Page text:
Read the rest at Commentary Magazine.

Posted by Michael J. Totten at December 29, 2007 05:38 PM
Comments

Hi Michael,

Great topic to write about, the 5 best movies about the Middle East of 2007, even if you focused just on one. I'll check out Iraq in Fragments.

I'm reluctant to see western films about the Middle East. Certainly at least new ones. Rendition, Redacted. I saw a trailer for the latter. As one soldier in it dragged an Iraqi girl off to rape and another lecherously licked his lips I felt Mr. De Palma owed our military an apology.

Not In the Valley of Elah, not Badland.

I ultimately saw Syriana and the first half of The Kingdom. (My girlfriend & I fell asleep as we were exhausted after a long day's journey to Maine from NYC).

I'm reluctant to watch these films for several reasons and I say this without self-righteousness. First I don't want to pay a man like Mr. De Palma who has a bone to pick and who seems to know less about the Middle East than I do. Second, we know movies work on our emotions. I'm wary, old-fashioned as it might seem, to swallow anything that might be appearing on the screen just for dramatic effect.

Third, Mr. Berg / Mr. Carnahan profess in The Kingdom’s opening scene Osama bin Laden offered to send mujahideen armies into Kuwait to expel Saddam Hussein so U.S. forces wouldn’t have to land on Saudi soil. "Boy, if I knew that,” my girlfriend's intelligent step-father remarked,
“I'd forgotten." That sort of education worries me.

Given my intense interest I like to see dignified films about the Middle East. Perhaps you can just list another 4 films from ‘07 or any other year that could have rounded out your top 5.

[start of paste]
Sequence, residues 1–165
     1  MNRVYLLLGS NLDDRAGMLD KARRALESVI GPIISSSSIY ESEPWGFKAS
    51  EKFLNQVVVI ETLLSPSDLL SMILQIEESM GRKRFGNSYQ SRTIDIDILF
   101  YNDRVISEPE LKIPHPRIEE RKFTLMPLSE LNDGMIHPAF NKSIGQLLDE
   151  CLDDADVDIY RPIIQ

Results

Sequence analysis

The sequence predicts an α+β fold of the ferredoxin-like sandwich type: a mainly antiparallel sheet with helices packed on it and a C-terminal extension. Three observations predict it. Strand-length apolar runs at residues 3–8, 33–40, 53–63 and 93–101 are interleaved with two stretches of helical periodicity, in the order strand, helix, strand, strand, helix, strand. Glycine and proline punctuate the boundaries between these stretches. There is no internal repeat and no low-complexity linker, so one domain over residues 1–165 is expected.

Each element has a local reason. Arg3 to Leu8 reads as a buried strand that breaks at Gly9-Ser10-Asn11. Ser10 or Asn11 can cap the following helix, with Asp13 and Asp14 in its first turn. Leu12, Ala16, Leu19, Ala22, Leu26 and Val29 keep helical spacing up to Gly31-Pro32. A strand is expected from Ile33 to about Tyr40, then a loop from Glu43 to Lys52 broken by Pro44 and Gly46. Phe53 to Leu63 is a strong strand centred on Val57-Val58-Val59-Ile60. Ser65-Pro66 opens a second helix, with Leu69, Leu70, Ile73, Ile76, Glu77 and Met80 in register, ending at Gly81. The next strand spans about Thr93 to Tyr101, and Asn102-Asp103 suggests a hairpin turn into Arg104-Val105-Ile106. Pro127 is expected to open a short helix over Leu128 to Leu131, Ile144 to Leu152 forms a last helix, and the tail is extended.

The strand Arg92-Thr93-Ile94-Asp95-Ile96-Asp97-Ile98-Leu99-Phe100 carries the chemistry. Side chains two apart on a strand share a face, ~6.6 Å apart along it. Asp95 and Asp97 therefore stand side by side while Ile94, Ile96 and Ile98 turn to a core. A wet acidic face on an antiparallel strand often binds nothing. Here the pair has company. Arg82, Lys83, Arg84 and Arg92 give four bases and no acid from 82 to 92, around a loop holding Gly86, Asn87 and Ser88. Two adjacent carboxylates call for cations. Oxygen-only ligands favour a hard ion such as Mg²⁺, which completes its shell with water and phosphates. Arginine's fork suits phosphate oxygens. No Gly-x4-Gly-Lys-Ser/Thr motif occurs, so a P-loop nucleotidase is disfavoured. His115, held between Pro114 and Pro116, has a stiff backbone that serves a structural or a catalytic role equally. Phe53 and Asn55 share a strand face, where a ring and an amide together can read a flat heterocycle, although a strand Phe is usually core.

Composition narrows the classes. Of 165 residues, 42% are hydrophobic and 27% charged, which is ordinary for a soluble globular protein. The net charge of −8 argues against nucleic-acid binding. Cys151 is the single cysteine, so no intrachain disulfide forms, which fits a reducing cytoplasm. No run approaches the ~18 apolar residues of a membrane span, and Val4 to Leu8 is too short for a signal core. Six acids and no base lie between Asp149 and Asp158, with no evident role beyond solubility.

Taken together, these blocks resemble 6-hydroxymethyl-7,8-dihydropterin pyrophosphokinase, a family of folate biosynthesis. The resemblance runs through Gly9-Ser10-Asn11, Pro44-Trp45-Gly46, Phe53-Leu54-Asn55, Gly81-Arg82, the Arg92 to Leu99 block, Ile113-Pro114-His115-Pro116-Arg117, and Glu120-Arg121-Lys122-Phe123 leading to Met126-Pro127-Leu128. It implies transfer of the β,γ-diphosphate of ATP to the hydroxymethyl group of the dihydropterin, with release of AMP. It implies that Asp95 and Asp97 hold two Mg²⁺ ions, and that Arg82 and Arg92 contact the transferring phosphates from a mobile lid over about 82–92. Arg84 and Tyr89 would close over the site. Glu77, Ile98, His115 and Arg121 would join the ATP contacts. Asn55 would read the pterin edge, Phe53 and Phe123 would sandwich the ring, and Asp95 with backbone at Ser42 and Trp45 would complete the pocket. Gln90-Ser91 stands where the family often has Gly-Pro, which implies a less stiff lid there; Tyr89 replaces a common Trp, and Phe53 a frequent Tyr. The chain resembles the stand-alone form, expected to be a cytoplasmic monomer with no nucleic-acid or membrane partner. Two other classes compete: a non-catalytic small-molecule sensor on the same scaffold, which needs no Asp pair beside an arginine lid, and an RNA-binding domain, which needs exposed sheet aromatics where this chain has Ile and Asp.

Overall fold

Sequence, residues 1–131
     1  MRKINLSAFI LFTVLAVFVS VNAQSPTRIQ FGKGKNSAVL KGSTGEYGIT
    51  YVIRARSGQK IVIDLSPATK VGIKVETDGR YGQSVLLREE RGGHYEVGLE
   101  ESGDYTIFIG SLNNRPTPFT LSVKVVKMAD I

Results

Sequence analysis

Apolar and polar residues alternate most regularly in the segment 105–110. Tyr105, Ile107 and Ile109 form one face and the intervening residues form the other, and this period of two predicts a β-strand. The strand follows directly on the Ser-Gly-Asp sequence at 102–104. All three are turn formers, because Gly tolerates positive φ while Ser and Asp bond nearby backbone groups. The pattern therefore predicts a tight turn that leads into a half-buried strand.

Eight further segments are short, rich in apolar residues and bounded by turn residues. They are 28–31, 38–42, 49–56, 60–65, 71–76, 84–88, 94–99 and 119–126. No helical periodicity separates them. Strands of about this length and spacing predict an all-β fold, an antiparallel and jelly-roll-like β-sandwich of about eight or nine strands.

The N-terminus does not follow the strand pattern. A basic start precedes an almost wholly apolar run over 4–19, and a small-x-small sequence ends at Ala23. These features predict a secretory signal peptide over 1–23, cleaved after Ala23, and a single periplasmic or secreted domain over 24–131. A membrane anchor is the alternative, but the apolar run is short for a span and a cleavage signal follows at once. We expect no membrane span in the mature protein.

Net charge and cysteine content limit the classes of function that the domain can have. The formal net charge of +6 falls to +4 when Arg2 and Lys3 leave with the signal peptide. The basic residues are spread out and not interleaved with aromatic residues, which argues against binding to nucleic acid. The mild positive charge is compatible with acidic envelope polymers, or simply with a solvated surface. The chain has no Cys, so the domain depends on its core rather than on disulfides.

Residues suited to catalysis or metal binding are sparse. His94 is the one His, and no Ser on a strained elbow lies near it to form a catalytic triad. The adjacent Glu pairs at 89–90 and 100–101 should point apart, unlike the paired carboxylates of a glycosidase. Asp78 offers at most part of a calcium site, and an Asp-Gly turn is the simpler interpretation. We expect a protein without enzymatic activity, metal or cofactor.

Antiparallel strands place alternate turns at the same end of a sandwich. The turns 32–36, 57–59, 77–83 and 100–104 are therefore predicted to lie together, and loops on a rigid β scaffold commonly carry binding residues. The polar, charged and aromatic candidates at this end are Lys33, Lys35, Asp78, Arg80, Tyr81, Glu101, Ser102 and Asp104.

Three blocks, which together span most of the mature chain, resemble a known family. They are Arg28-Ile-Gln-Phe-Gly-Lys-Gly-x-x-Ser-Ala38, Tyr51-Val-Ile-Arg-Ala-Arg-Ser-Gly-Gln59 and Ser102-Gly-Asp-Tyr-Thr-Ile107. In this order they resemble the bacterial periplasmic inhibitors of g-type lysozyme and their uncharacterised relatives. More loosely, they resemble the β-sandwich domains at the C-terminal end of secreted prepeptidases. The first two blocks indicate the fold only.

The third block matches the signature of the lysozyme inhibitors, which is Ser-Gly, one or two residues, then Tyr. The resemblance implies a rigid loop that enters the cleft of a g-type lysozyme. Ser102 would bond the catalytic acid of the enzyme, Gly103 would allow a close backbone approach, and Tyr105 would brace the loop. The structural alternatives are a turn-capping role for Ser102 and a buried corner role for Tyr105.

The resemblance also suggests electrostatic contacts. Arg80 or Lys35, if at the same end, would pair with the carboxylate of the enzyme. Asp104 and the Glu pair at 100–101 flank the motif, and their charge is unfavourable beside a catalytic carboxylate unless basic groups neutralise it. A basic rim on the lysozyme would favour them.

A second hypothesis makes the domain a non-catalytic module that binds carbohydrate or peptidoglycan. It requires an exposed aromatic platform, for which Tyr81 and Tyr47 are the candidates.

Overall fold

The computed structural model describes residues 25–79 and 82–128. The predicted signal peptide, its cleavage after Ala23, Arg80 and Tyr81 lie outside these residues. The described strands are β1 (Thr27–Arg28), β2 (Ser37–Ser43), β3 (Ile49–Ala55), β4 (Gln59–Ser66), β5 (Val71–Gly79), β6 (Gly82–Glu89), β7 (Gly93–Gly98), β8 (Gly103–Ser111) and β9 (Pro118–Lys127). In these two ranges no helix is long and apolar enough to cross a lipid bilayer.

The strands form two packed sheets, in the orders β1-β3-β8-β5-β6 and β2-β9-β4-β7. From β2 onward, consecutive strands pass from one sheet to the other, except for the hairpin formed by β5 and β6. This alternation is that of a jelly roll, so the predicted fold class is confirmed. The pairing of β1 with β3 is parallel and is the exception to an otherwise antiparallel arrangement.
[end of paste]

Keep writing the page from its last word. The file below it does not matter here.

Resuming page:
As you're aware, I wrote a novel based on my experience in Kurdistan last December I'd like to convert it into a screenplay and I like to know of film-makers thinking similarly to the way I am.

Last week, I saw Persepolis, which was wonderful and worthwhile even if only for the thrill of seeing a cartoon version of little Marjane Satrapi singing, in a heavy accent, Eye of the Tiger.

There was also a wonderful Iranian comedy called Maxx, which as a story of mistaken identity
and cultural repression, was entertaining and enlightening.

Happy 2008 to you, your loved ones, and your readers…!

Posted by: Scott Moshen at December 30, 2007 11:08 AM

A very moving review Michael Totten.

Posted by: anand at December 30, 2007 11:13 AM

I just saw Iraq in Fragments last night (recorded a while ago) on TiVo. It was beautifully filmed. Longley has a real gift for getting kids to feel comfortable in front of the camera - and for blending images with music. The fluidity of the words/music/images was amazing.

I just saw Persepolis too (my family is visiting and they do love movies). According to my daughter, who loved the graphic novels, the story in the movie wasn't as detailed as the story in Satrapi's books, but it was still very well done. I love her simplified drawing style, and the warm portrayal of her family.

Posted by: mary at December 30, 2007 11:34 AM

The remaining of the top 5, not necessarily from 2007, are Voices of Iraq (American/Iraqi collaborative documentary), Turtles Can Fly (fiction, Iraqi Kurdistan), Paradise Now (fiction, Palestinian), and Rachida (fiction, Algeria).

Posted by: Michael J. Totten at December 30, 2007 01:09 PM

That's great, thx Michael! I’ve Netflix’d ‘em. Speaking of things movies, it was interesting to stumble across Ron Silver's essays at Pajamas Media.

Posted by: Scott Moshen at December 30, 2007 03:22 PM